Our Privacy/Cookie Policy contains detailed information about the types of cookies & related technology on our site, and some ways to opt out. By using the site, you agree to the uses of cookies and other technology as outlined in our Policy, and to our Terms of Use.


How to Care for a Newborn Calf Without the Mother

| Updated August 11, 2017

Things You'll Need

  • 4-by-8-foot calf hutch

  • Clean, dry cloth

  • 7 percent tincture of iodine

  • Nipple bottle

  • High-quality colostrum

  • Whole milk or milk replacer

  • Calf starter feed

  • Vaccinations

  • A, D, E vitamins and Combiotic shots

  • Straw bedding

  • Alfalfa hay

  • Water trough or pail

Sometimes a calf is orphaned when its mother dies giving birth. Newborn calves can be hand-raised if you provide the right housing, nutrition and preventive medical care. A newborn calf is a delicate creature and, like a human infant, requires round-the-clock attention for the first few weeks of birth.

Wipe mucus from the newborn's nostrils and mouth with a clean, dry cloth, and gently rub its body. The calf’s mother would normally lick the calf clean, which also helps stimulate its system and breathing.

Cut the umbilical cord 2 to 3 inches from the calf’s body. Dip the umbilical cord in 7 percent tincture of iodine to prevent pathogens from entering the calf’s body.

House the newborn calf separately in a 4-by-8-foot calf hutch. The hutch should be located in a clean, dry, well-ventilated barn or other shelter that offers protection from drafts and the elements. Protection from dampness, cold and heat is critical. Ventilation is also very important. Accumulation of methane, ammonia and other gases in manure and urine can cause respiratory diseases.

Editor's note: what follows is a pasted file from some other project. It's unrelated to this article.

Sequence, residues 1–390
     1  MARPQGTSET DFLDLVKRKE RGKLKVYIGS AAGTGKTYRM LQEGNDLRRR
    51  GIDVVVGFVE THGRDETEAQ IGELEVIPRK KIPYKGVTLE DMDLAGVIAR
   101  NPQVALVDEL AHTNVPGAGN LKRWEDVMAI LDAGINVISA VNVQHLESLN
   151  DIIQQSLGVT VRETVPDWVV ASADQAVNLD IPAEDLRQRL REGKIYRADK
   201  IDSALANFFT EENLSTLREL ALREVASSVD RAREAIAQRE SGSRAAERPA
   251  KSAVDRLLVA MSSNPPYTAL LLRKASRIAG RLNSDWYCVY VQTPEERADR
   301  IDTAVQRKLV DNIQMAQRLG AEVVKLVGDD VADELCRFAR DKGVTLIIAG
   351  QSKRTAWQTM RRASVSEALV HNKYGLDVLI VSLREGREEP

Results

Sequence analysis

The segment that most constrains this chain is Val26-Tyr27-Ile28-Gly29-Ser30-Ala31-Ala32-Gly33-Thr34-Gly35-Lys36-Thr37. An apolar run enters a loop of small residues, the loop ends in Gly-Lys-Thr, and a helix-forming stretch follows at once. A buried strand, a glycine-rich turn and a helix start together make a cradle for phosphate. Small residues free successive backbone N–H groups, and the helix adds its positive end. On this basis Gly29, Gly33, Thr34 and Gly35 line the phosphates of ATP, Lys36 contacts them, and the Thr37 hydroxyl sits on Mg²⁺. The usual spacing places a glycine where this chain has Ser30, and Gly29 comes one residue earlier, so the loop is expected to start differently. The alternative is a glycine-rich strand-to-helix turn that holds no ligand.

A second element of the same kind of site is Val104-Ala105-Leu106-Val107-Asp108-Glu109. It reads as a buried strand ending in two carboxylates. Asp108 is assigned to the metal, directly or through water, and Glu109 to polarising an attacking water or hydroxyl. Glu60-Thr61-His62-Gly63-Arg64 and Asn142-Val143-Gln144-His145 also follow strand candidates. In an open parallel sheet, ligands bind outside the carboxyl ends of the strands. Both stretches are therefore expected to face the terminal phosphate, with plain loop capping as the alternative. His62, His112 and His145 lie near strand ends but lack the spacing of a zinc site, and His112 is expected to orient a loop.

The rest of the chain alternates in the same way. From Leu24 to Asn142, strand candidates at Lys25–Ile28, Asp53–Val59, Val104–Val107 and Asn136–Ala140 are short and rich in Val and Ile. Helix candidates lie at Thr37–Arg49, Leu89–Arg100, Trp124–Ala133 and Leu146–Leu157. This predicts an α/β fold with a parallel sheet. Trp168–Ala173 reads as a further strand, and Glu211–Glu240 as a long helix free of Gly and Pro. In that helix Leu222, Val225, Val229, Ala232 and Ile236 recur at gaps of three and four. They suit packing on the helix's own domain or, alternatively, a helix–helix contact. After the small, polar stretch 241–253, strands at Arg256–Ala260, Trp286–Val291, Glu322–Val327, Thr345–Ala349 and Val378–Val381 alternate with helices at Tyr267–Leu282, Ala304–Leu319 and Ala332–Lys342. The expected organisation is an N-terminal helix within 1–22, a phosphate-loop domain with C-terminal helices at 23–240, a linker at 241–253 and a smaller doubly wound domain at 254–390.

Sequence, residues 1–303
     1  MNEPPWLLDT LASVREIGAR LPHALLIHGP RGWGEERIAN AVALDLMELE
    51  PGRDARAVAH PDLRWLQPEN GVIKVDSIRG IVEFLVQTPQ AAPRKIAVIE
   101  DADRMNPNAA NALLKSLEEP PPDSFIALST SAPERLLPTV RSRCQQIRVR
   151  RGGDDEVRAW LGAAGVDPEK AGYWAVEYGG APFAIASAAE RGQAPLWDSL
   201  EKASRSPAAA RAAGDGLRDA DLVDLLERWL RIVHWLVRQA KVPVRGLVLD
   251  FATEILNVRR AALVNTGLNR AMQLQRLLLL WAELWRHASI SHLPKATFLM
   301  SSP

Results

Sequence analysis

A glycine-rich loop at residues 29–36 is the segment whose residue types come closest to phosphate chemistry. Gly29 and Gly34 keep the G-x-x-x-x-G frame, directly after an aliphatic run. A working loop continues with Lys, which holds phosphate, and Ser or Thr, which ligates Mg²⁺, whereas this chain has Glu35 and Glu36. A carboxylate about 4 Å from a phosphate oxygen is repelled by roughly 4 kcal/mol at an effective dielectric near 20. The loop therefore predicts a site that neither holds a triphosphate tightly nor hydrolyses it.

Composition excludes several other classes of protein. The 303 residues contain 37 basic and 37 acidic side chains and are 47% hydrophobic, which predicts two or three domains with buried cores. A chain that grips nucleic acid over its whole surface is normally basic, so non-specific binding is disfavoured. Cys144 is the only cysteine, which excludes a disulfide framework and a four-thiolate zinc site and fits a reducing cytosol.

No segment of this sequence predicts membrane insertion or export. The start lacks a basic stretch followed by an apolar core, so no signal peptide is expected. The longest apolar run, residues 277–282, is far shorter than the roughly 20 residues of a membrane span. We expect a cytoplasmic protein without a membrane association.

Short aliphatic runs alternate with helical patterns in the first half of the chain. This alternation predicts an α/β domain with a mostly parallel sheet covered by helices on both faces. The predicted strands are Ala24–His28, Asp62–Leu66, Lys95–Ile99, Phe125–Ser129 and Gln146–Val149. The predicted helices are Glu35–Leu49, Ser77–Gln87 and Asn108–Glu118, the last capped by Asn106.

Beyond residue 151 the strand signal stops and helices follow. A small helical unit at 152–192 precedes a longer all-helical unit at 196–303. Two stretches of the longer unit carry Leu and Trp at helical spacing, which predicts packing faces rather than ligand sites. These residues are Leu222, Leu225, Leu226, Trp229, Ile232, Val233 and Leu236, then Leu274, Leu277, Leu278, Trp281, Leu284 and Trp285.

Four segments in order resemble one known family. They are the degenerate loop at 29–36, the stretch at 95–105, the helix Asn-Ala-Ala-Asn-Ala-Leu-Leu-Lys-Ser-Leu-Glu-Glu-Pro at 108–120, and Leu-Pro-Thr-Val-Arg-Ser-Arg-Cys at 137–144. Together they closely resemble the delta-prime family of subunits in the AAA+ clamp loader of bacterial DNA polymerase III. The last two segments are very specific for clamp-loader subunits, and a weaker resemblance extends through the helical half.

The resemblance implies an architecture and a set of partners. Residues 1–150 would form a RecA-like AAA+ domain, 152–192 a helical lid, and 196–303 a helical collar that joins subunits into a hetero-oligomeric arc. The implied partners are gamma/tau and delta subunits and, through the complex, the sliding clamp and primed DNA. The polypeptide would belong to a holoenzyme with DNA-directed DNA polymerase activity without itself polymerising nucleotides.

Cover the hutch floor with clean, dry straw. Straw needs to be cleaned daily, and any wet or moldy straw should be immediately removed.

Bottle feed the newborn calf 2 to 4 pints of high-quality colostrum within the first 12 hours of birth. Colostrum, the mother’s first milk after calving, contains antibodies and nutrients necessary to stimulate the calf’s immune system. The calf's system will change after the first 12 hours and it will not absorb the necessary nutrients if the colostrum is fed later.

Continue feeding the calf colostrum for the first four days after birth. Colostrum can be stored in the freezer and thawed slowly in warm water. Many calves require bottle feeding at first but will be able to drink from a pail after about four days.

Feed the calf milk or milk replacer every two to three hours for the first three weeks, then reduce feedings to two or three times a day. Calves should be fed 10 percent of their birth body weight (1 quart of milk weighs 2 lbs.) Milk replacer should contain a minimum of 20 percent crude protein and 20 percent fat.

Offer calf starter grain feed and alfalfa hay when the calf is 4 days old, in addition to milk or milk replacer. If the calf isn’t eating much, remove the old feed and lower the amount offered. All feed should be clean and fresh. Increase grain and hay amounts as the calf grows and consumes more.

Wean the calf off milk or milk replacer. When the calf is eating about 2 lbs. of calf starter a day, it can be weaned off milk.

Vaccinate the calf at least once before weaning. Giving the calf shots of vitamins A, D, E and Combiotic can also be beneficial. Typically, calves should be vaccinated for bovine respiratory syncytial virus, bovine viral diarrhea and infectious bovine rhinotracheitis. Consult your veterinarian for immunization and supplement recommendations.

Provide access to clean, fresh water at all times. Water should be free of particulate matter and low in salt and bacterial content. Water pails and troughs should be cleaned thoroughly and the water replaced whenever it becomes dirty. If the weather is hot, replace water regularly throughout the day to keep it cool. Calves up to 6 months of age will consume anywhere between 2 to 5 gallons of water daily.